The Internet of Things involves the connection of many things to the Internet that did not use to be networked. The numbers of such interconnected things is growing rapidly; the estimates vary greatly but are always counted in the billions over the next few years. The interconnection allows those things to communicate with the world, and vice versa. We have considered some of the legal issues raised by such communications, whether with the ‘world’ intended by the designer of the interconnection or with someone with unforeseen capacity or intention.
This column focuses on one communication: an ‘off’ switch, used by one party: a creditor of the owner of the interconnected thing. In particular, may a creditor under Canadian law use ‘starter interrupt technology’ to prevent a car that is subject to loan in default from starting?
Using such a technology has several advantages to the creditor or its agent: it involves less effort, it avoids the cost of towing and the risk of damage, it is less likely to require physical confrontation with the owner/debtor, and it is easily reversed if the default is cured. Arguably most of these factors are also advantages for the debtor as well. Further, it is less embarrassing for the debtor than having the car towed away in front of the neighbours.
The technology is said to have several useful features. “Properly installed”, it cannot turn off the motor of a car that is running, so the chances of causing an accident are very low. It can be associated with a series of warnings, whether the occasional beep or messages similar to the indications that one’s seatbelt has not been buckled. The timing can be adjusted to comply with statutory notice periods. It is possible to provide “emergency overrides” if the debtor has a critical need for the vehicle on a temporary basis.
Starter interrupt technology is being used in the United States, particularly for ‘sub-prime’ consumer loans. It is said to be useful to give lenders better security and thus to extend credit to people who would otherwise not qualify. There is no suggestion that it has been used for ordinary debt or for security over commercial goods. It is beyond the scope of this article whether this is socially a good idea – it lets people get cars, and therefore maybe jobs, that they could not get before, but it may come at an excessive cost financially – the interest rates are very high – and may cause people to overextend themselves unsustainably. In any event, some Canadian lenders are apparently interested in the technology.
Is this legal?
Some Canadian law
The main governing law in the common-law provinces is the Personal Property Security Act. There are some differences between the Ontario PPSA and the PPSA in the other common law provinces. (This article says nothing about the Civil Code – comments welcome.) All the PPSAs allow the creditor on default any remedies set out in the security agreement and in the Act (Ontario s. 59), subject to limits also in the Act. Nothing expressly excludes starter interrupt technology.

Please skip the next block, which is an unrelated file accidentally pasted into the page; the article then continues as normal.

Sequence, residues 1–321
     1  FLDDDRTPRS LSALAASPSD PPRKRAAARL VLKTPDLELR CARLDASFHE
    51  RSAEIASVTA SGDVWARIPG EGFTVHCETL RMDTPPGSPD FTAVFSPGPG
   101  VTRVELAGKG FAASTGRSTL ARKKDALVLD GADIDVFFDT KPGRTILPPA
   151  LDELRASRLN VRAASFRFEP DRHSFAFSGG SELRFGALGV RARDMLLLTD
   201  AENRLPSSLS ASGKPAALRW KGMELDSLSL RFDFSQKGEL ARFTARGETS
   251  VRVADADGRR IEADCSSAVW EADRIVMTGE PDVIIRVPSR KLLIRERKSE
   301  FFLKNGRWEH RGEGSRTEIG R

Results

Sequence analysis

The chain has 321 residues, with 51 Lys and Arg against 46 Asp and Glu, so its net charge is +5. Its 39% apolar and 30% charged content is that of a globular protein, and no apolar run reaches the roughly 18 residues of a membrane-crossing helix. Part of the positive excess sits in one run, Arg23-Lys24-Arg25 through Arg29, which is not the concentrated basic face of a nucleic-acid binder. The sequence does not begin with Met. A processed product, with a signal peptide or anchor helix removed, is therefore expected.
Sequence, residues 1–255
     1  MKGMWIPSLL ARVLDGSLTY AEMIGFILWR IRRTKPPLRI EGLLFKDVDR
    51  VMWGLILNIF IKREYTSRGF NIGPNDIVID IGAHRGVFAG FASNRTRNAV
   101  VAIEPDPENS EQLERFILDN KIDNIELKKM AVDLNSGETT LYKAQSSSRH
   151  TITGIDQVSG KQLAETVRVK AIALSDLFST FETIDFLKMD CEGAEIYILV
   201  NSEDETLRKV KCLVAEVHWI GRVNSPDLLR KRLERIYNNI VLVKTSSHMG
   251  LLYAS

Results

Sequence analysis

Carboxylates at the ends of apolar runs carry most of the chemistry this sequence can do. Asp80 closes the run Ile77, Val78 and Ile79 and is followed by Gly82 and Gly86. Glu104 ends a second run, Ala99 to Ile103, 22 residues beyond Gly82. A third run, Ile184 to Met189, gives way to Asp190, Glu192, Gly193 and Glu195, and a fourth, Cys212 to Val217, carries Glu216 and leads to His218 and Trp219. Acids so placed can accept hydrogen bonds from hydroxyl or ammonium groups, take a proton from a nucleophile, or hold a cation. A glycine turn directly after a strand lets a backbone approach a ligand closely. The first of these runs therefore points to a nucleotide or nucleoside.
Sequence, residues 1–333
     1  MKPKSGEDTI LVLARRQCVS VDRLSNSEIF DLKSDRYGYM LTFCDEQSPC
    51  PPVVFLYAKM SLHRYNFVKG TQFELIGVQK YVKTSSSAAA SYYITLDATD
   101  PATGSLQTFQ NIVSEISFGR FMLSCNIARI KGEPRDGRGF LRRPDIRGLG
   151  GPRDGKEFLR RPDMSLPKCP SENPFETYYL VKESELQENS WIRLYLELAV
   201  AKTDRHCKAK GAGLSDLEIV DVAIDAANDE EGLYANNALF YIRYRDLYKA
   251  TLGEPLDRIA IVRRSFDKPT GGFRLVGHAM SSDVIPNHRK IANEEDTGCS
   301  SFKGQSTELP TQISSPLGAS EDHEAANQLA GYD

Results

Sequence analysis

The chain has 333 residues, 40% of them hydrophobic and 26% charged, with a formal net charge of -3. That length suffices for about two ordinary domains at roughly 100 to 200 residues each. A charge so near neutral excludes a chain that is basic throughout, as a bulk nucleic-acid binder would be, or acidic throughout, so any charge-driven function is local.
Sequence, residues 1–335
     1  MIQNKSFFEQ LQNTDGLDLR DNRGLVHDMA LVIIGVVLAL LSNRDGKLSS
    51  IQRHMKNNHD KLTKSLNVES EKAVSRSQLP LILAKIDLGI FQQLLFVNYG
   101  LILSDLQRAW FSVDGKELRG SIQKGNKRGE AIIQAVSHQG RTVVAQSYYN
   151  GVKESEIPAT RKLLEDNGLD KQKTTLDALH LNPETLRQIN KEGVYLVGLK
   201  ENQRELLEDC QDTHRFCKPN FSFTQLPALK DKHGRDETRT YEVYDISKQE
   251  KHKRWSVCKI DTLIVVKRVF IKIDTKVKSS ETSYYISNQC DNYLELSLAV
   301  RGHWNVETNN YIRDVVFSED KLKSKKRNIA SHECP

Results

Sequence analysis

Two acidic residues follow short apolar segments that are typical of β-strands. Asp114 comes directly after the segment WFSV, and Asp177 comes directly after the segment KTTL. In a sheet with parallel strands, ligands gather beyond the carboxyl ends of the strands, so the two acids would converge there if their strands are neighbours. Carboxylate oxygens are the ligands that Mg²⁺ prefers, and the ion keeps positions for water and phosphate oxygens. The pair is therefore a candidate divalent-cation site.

Ontario’s Act, but not the others, expressly permits a creditor to render unusable any collateral that is equipment, if the security interest has been perfected. (ON PPSA s. 62(1)) The corresponding provisions in other provinces speak of collateral goods not readily removed from the debtor’s premises or for which storage is not available, neither condition applying readily to the current discussion. In addition, the remedies in such cases tend to involve notice of the creditor’s action and do not expressly include disablement. Ontario adopted that remedy from Article 9-609(a)(2) of the Uniform Commercial Code. Thus the following discussion applies only in Ontario.
Three principal questions arise. First, does the use of this technology amount to rendering the vehicle unusable? Certainly it causes a temporary inability to use the vehicle. The fact that it can be applied and reversed remotely does not change that fact. It is quite possible that the technology would be held to meet this description. The contrary argument is that disablement tends to be thought of, where mentioned in the PPSA, as permanent as regards the debtor, even if reversible once the collateral is disposed of.
Second, if it is disablement, is that a problem if the car is consumer goods, given that the PPSA expressly allows rendering “equipment”unusable? Should we interpret s. 62 (Ontario) under the “expressio unius, exclusio alterius” rule, so that disabling a consumer’s vehicle is banned? Or does the silence of the Act mean that it is open to creditors and debtors to make a deal under the general rule that use of the technology is not disablement or even that its use is “permitted by law” as contemplated by s. 59(2)?